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The ‘right’ energy information: consumer messages and methods that work


Rebekah Thielemans

Over the past twelve months we’ve been undertaking a detailed research project to understand the best ways to communicate with energy consumers about how to reduce their energy bills and energy usage.

In our first phase, we uncovered that a successful energy information campaign involves communicating the right information at the right time, and that who the information comes from is key to consumers.

In our second phase, we drilled down on consumer understanding and the actions they have taken to reduce their energy bills and usage. We also looked at who households and small businesses trust for energy information.

Now, in our third phase, we’ve unpacked what the ‘right information’ looks like. We commissioned The Insight Centre to run a series of focus groups with both households and small businesses to understand what messages and methods best resonated with them.

Messages that work

We know that finding the right messaging to speak with consumers about energy use isn’t easy. Use the wrong combination of words, or invoke the wrong ‘frame’, and you can just as easily turn people off instead of persuading them to act. Here’s what the research tells us about which messages resonate with Australian households on energy bills and use.

Cost benefits

The most effective messages about reducing energy bills and usage for households and small businesses emphasise the cost benefit. Consumers want to understand what’s in it for them! This is backed up by our latest ECSS data which showed that 75% of respondents prioritised price when choosing a new energy offer (significantly above any other factor). This means that simple and clear messages that highlight how much money households can save should be embraced.

Control and Certainty

Households responded equally to messages that prioritised control and certainty. This means that messaging should combine these two frames. For example, to provide certainty, deliver clear information about what is driving energy costs. This should be combined with messages that empower households to take control and address these drivers, providing easy to achieve call to actions.

Throughout the focus groups, the following themes also emerged about messages to embrace and avoid when speaking to households about their energy use.

Messages to embraceMessages to avoid
“A small change can make a big difference” – demonstrates that small actions taken at a household level can make an impact.Messages that remove agency for households.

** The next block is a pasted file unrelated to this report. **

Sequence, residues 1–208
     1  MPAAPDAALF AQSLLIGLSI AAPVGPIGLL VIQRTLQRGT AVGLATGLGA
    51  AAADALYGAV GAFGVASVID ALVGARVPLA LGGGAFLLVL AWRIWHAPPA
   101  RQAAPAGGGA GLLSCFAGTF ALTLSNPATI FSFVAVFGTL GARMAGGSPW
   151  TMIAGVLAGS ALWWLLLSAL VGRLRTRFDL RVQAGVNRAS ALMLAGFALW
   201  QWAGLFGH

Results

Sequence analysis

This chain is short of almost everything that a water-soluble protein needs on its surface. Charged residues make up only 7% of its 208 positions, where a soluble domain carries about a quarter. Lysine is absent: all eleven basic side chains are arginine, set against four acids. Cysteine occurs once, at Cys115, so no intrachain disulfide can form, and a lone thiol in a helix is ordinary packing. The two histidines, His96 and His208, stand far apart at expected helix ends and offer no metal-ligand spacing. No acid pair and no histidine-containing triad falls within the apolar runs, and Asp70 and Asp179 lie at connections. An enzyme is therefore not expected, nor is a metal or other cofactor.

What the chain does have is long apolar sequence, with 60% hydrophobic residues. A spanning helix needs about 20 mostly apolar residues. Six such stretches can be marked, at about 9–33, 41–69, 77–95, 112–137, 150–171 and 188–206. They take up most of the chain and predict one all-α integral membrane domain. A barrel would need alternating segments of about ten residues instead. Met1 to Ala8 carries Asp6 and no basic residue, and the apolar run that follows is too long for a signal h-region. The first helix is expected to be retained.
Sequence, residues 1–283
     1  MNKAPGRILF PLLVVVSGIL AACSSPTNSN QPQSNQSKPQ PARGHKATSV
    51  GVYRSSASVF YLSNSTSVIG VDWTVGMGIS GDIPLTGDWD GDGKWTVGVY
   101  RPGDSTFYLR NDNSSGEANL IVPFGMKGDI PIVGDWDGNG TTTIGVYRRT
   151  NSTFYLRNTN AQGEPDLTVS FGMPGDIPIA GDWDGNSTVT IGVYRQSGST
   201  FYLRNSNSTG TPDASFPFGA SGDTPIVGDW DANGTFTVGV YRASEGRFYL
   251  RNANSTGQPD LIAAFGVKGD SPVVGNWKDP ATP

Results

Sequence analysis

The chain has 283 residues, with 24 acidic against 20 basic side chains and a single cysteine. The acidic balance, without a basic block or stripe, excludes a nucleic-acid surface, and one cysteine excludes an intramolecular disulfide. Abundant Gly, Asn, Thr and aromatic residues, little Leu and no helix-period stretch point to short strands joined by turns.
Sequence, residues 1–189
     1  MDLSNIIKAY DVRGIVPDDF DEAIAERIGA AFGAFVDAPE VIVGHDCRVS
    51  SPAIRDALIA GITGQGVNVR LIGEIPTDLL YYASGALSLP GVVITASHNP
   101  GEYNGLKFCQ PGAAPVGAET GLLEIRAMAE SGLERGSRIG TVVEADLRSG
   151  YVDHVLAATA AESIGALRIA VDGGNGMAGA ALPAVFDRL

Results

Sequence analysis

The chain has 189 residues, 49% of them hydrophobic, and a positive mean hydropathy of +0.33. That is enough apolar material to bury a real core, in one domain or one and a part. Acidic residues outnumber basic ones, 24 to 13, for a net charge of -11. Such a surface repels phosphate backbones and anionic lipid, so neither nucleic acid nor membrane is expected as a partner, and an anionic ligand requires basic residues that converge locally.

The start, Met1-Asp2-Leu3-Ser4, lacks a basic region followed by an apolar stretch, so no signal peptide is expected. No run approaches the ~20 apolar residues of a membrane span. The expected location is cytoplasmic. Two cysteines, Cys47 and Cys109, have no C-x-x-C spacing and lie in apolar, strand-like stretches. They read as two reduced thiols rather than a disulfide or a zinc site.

“Heating and cooling contribute up to 50% of your energy bill” – households are provided with clear, precise information about the main
source of their energy costs.

Include messages that provide specific information about the simplest, highest value changes (and how to make them) and the potential savings on offer.
“Adjusting your temperature by a couple of degrees is one of the biggest things you can do to save money” – this lacks sufficient detail on its own, many people wanted to know what the optimum temperature is to set their thermostat to.
While households prioritise cost above all else, messages about the environmental benefits of changing your usage can resonate with many consumers when included in addition to cost saving messages.“You can help take pressure off the grid” or “You can help avoid outages” – many consumers feel institutions should be responsible for reliability, not households.
“For our business, cutting energy costs was quick and easy.”

“An energy audit found X for my business, and we save $X every year.”

For small businesses, these messages connect with their need to see cost savings/ROI and address their feelings of being too time poor to act. The use of case studies is also powerful.
For small businesses, focus on messages that emphasise cost savings and avoid talking about environmental or system benefits.

Methods that work

Of course, it’s not enough just to have the right messages. These need to be provided using the right channels and the right sources.

Trusted sources

To deliver energy related information, participants expressed the highest level of trust in consumer organisations – consistent with the findings in phase two of this project. Consumer organisations are seen as independent, transparent, and focused on the best interests of households and small businesses. Governments are also seen as trustworthy and unbiased.

While small businesses, value consumer organisations, they also want expertise from either energy specialists or technical specialist. They also want to hear about energy-saving options

from other business owners like them. Not only do they see these voices as credible, the sense of connection means they’re more likely to take action, as they can already see the benefits for someone else.

Self-contained communications

The household members that we spoke to told us that they don’t have time for research and won’t pay to access information. This means that any communications need to be self-contained and provide consumers with enough information to act without having to go to a secondary source (e.g. a website) for additional information. Consequently, any campaign should prioritise outbound communications (i.e. advertising) as the primary means of reaching households.

Encouraging wide-scale behaviour change is always going to be challenging. However, the research from this project provides consumer and government organisations with some of the tools they need to assist households and small businesses to take action and reduce their energy use and bills. If we get this right, it will be a vital piece in the puzzle in ensuring a successful energy transition that benefits everyone.

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